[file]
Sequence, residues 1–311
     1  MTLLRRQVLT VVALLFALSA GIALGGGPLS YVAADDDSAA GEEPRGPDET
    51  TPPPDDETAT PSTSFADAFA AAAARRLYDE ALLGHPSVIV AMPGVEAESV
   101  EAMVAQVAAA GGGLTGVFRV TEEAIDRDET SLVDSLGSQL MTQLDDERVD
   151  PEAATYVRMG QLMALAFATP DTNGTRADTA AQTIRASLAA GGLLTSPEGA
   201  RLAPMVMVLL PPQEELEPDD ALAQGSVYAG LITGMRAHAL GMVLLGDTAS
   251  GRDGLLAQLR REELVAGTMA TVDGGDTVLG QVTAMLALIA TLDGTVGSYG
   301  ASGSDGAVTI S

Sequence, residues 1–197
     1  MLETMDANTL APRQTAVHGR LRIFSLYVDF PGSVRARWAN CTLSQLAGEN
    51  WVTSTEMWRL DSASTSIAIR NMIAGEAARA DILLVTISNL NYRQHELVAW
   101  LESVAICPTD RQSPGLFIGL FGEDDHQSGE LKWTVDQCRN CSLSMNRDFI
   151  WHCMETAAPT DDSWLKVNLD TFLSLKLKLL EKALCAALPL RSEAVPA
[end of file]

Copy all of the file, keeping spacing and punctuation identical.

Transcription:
Sequence, residues 1–311
     1  MTLLRRQVLT VVALLFALSA GIALGGGPLS YVAADDDSAA GEEPRGPDET
    51  TPPPDDETAT PSTSFADAFA AAAARRLYDE ALLGHPSVIV AMPGVEAESV
   101  EAMVAQVAAA GGGLTGVFRV TEEAIDRDET SLVDSLGSQL MTQLDDERVD
   151  PEAATYVRMG QLMALAFATP DTNGTRADTA AQTIRASLAA GGLLTSPEGA
   201  RLAPMVMVLL PPQEELEPDD ALAQGSVYAG LITGMRAHAL GMVLLGDTAS
   251  GRDGLLAQLR REELVAGTMA TVDGGDTVLG QVTAMLALIA TLDGTVGSYG
   301  ASGSDGAVTI S

Sequence, residues 1–197
     1  MLETMDANTL APRQTAVHGR LRIFSLYVDF PGSVRARWAN CTLSQLAGEN
    51  WVTSTEMWRL DSASTSIAIR NMIAGEAARA DILLVTISNL NYRQHELVAW
   101  LESVAICPTD RQSPGLFIGL FGEDDHQSGE LKWTVDQCRN CSLSMNRDFI
   151  WHCMETAAPT DDSWLKVNLD TFLSLKLKLL EKALCAALPL RSEAVPA